Sometimes, even Ricky Stenhouse Jr.’s girlfriend seems more miffed than he is about the frequent overshadowing for the permanently less renowned half of racing’s most highly publicized couple.
Leaving a restaurant in New Hampshire after a rare joint interview in July 2013, a worker wished Patrick good luck for the weekend.
“You know Ricky’s racing Sunday, too,” she bristled with a steely glare. “You can root for him, too!”
Stenhouse just smiled and clutched Patrick a little more closely as they walked away.
It always has been how he nonchalantly and non-combatively handles the dynamics of a relationship fraught with the stress of disproportionate celebrity.
“I don’t mind being known as her boyfriend,” Stenhouse said Sunday after the first win of his Cup career. “She doesn’t mind being known as my girlfriend. It goes either way, and we couldn’t be in a better place right now.”
Though Patrick’s incomparable media savvy automatically receives credit as she is the unrelenting focus of the pair, Stenhouse’s win at Talladega reinforced the overlooked reasons his demeanor is as important to the bedrock of their bond.
He is the archetype of the strong, silent type from the not-quite Deep South (yes, he hails from Mississippi but his hometown is a half-day’s drive from the Gulf Shores).
He comes off as self-assured, uncomplicated and completely secure in his ability and his lot in life – which would seem to be necessary attributes for dating the most famous woman in the history of auto racing.
Patrick is equally strong-willed but naturally much more visible than her boyfriend.
Besides the inherent attention from being the first woman to lead either the Indianapolis 500 or Daytona 500, Patrick also thrusts herself into the limelight by hawking “athleisure” (via her Warrior clothing line), healthy food (a cooking show seems a given for the former winner of a Chopped celebrity edition) and life coaching (her how-to book “Pretty Intense” is coming in January).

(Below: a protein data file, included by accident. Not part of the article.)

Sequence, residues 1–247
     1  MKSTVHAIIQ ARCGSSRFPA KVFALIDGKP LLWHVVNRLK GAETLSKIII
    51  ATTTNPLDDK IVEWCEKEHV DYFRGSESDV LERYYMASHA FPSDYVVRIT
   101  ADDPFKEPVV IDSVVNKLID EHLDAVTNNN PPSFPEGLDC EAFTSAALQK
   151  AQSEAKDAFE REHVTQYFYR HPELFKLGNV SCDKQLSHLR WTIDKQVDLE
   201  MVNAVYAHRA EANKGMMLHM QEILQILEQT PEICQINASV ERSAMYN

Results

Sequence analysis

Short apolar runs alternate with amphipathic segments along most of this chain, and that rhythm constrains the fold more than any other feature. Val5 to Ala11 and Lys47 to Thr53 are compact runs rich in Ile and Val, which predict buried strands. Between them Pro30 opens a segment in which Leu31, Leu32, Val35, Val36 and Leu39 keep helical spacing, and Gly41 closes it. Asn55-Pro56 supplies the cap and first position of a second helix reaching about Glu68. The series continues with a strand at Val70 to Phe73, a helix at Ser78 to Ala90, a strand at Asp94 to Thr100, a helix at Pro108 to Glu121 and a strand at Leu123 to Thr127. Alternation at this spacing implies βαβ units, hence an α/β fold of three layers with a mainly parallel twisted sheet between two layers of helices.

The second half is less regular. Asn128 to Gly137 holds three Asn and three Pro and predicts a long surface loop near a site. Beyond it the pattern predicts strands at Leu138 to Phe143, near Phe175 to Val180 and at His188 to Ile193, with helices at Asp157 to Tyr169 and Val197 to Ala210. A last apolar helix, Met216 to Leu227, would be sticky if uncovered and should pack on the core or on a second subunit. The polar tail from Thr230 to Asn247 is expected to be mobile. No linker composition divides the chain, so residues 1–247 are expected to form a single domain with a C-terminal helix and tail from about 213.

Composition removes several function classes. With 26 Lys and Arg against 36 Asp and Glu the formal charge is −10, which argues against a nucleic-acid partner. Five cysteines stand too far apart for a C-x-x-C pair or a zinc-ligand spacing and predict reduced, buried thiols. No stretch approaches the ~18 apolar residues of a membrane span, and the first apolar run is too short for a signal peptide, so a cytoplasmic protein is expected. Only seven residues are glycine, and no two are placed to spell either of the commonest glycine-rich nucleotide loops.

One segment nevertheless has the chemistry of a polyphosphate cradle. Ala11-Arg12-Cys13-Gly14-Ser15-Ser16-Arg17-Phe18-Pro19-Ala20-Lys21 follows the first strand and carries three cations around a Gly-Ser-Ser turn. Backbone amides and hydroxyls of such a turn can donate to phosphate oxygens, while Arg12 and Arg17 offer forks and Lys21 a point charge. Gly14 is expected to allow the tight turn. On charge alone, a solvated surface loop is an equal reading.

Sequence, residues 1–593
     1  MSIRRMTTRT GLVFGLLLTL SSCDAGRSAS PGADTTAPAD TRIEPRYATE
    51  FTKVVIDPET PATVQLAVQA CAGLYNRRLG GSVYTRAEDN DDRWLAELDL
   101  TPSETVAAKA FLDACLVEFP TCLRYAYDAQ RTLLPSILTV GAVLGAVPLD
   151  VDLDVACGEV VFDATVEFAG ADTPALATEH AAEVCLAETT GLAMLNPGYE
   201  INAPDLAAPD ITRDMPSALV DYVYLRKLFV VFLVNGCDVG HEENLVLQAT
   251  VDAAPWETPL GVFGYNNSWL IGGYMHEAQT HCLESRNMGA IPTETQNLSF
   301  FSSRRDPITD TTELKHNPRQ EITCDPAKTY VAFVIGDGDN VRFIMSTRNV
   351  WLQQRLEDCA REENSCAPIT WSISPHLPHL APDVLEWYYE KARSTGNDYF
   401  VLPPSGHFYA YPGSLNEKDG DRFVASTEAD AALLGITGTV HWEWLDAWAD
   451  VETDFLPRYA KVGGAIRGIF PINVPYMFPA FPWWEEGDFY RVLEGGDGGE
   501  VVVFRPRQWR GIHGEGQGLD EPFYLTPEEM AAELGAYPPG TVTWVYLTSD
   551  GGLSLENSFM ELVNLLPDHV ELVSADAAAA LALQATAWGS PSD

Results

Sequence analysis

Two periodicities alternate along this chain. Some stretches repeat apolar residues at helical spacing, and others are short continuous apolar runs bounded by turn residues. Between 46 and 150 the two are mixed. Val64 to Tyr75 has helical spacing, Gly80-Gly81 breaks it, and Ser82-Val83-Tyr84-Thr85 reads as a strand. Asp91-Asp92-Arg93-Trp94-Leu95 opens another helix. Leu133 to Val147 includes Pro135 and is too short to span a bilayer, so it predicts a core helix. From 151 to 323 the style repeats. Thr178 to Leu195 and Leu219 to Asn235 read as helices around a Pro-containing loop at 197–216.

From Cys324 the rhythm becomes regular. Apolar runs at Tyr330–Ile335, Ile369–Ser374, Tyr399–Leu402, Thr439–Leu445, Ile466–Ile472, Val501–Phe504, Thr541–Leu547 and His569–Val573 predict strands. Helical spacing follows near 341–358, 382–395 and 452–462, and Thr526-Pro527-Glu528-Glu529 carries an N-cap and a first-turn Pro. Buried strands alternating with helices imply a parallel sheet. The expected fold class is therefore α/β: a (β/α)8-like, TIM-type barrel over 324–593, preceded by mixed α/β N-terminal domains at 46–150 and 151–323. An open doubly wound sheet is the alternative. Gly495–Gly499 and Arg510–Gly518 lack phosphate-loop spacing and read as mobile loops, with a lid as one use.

It would seem understandable (perhaps even expected by many) for some measure of resentment to manifest itself for Stenhouse.
Yet the 29-year-old with the perennial smile and spate of facial hair (sometimes a goatee, sometimes a Jeff Gordon-esque pencil moustache) always seems nonplussed by questions about the incessant attention foisted upon his girlfriend and whether it defines him.
It might be impossible to explain in full how they make such a high-profile relationship work, but Patrick and Stenhouse deserve immense respect for deftly navigating (at least outwardly) the logistics, politics and pressures of mixing business with pleasure on a national stage.
There is a certain yin and yang to the relationship with Stenhouse’s affinity for dirt bikes and down-home sensibility balancing Patrick’s taste for Michigan Avenue sophistication and societal transcendence.
“I’m just so, so proud of him,” Patrick told reporters in victory lane. “He works his butt off. He works harder than any driver I know. He works tirelessly.”
This is what often gets missed in the glamour shots of a tuxedo-clad Stenhouse (avec mullet) accompanying Patrick to various red-carpet events.
There rarely is visual evidence of the crack-of-dawn wakeup calls necessary for Stenhouse to build unity within the No. 17 Ford team.
“Ricky has had ample opportunity to mail it in, yet he’s at the shop at 6:30 a.m. working with the guys on occasion,” Roush Fenway Racing president Steve Newmark said. “He has really taken that leadership mantle.”